I decided to look into Nearpod a little more, mostly because I have seen Dyknow in use, and this seems very similar to me. After looking into it a little more, I realized there are many things that are the same as Dyknow and yet, also so many things that are different. Shocking, right? I joined Nearpod and was able to look around a bit to see the differences and similarities between Nearpod and Dyknow. I liked that they allow you to join for free, and help you to get started with an introductory lesson that you can look at.
I like Nearpod because you are able to have students follow along with your lesson at the pace you want them to go. Often, by posting things online and letting students look at them ahead of time, they are constantly going through and seeing how many slides are left or going ahead to look at the answers to problems you are currently working on. With Nearpod, the teacher is in control of when students can advance on to the next slide and where they can go in the presentation. Another thing that I really liked about Nearpod was that if the teacher wanted to give the students control to look around a specific website they can, and they can make sure that the students are staying on the website and not looking anywhere else.
Another cool thing that Nearpod does is gives you lessons that you can use with the Nearpod app. Of course you have to buy most of them, but they also offer free previews of lessons. These lessons include lessons for English Language learners, math lessons and even some presentations from Time For Kids, plus many, many more. These lessons can be bought individually, in case you just wanted to see it or try it out, or you can buy the whole set. I think this is very helpful, especially for teachers just beginning to use Nearpod because it has all the neat tricks and tips already built into the presentations. Teachers can also build videos into the presentations, as well as web pages, free drawing sections and many other cool things!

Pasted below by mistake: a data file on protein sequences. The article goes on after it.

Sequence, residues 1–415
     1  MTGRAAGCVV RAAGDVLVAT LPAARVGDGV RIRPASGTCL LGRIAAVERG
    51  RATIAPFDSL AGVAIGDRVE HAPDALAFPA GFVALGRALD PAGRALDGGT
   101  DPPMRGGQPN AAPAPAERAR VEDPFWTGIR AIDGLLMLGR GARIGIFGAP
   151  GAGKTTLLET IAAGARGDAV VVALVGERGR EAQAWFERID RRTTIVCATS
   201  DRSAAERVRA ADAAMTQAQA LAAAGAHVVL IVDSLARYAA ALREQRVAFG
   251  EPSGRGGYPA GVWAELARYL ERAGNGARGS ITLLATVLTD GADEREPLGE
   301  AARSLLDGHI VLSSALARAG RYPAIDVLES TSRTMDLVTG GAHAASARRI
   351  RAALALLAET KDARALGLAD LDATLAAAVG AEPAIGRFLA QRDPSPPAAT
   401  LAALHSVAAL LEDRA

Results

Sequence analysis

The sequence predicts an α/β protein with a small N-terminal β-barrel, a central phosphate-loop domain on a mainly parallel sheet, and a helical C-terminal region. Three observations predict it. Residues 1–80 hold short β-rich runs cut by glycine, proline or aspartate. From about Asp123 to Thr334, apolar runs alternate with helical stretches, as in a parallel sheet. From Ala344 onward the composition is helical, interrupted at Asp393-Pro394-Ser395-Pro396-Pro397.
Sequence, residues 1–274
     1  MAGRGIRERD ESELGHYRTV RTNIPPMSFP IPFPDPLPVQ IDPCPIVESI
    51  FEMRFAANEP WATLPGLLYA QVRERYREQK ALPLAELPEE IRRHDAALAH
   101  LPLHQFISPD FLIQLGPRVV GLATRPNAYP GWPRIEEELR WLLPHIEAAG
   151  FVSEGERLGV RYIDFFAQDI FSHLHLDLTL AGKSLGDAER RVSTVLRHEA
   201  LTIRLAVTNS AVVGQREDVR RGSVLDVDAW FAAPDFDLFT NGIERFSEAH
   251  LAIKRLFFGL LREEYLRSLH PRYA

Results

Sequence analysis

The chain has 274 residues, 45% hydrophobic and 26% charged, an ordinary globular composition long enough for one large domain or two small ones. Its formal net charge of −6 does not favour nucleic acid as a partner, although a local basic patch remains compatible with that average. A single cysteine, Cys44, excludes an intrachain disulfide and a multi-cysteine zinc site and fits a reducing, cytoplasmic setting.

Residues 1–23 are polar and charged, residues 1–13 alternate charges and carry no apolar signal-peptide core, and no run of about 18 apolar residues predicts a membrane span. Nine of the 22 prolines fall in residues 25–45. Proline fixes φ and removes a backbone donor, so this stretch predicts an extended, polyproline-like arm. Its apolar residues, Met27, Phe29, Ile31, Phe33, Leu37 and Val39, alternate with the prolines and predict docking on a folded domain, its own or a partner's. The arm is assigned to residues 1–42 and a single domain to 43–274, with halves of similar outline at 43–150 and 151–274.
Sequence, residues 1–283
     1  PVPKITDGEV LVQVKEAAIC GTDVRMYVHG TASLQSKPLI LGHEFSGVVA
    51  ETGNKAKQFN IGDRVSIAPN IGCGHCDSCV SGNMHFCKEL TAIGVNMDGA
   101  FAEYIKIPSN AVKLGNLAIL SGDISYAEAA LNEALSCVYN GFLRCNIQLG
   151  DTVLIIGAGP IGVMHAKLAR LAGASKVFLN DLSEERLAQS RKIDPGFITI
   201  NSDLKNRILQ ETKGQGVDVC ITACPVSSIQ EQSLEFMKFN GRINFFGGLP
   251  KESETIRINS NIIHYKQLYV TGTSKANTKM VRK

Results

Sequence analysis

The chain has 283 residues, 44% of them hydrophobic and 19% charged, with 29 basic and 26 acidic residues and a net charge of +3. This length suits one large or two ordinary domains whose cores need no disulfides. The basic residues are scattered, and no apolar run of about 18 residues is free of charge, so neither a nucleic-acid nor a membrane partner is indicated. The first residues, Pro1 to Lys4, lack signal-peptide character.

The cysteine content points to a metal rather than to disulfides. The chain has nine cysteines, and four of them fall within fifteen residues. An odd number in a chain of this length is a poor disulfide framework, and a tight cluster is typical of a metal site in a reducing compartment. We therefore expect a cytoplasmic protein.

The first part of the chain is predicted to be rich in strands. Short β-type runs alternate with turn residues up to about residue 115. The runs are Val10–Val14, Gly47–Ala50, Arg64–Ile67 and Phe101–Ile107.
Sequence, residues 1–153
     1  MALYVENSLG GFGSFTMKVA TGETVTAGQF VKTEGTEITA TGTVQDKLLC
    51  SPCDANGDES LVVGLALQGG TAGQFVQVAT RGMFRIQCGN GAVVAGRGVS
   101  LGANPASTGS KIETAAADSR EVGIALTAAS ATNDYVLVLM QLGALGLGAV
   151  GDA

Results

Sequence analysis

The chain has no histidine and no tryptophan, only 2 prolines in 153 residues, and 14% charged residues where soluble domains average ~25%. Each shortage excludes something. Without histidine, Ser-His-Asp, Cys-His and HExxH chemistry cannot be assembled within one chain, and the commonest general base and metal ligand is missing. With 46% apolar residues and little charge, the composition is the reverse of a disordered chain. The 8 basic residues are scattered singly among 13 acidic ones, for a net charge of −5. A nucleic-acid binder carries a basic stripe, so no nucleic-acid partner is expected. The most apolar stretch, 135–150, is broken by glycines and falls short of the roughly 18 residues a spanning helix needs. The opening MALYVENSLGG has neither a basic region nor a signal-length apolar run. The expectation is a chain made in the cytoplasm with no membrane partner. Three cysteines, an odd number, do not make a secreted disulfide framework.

Nearpod also gives assessment opportunities for the teachers to use for free. You can incorporate polling, quizzes and even open ended questions all for free into your presentations. The teacher can also make these activities required before the students can move onto the next ones. I thought this was really neat too, because the teacher can then look at the results from the assessment and gather data based on her presentation from the quiz, poll or questions that are incorporated into the Nearpod presentation. Here’s what the teacher view looks like:
One drawback to having Nearpod would be the economic drawback. Nearpod would only be feasible in a school that could afford for each student to have an ipad or computer, as the app is mostly based on an iPad. However, they also have iOS downloads, as well as Android downloads that can be used on phones. I can forsee major problems with allowing students to have their phones out during class though, constantly receiving text messages and feeling the need to exit out of the app to check them. However, the nice thing about Nearpod, is that the teacher can always see who is logged into the presentation and who is joining and leaving, so that could be a way to make sure students are following along and not messing around on their phones.
I would love to try Nearpod out in a classroom. With all of the things that you can build into the presentation, it will help to keep students engaged. Also, the perk of not allowing them to move forward or backward without your permission, sets it up perfectly for them to have to stay with you and pay attention. While I think this app would require a lot of practice before I could use it flawlessly, I think that I would love to incorporate this into my classroom. I would also suggest this for classes because it has many ways to keep kids entertained and you can continuously be changing the focus from lecture-based teaching to something that allows for more fun.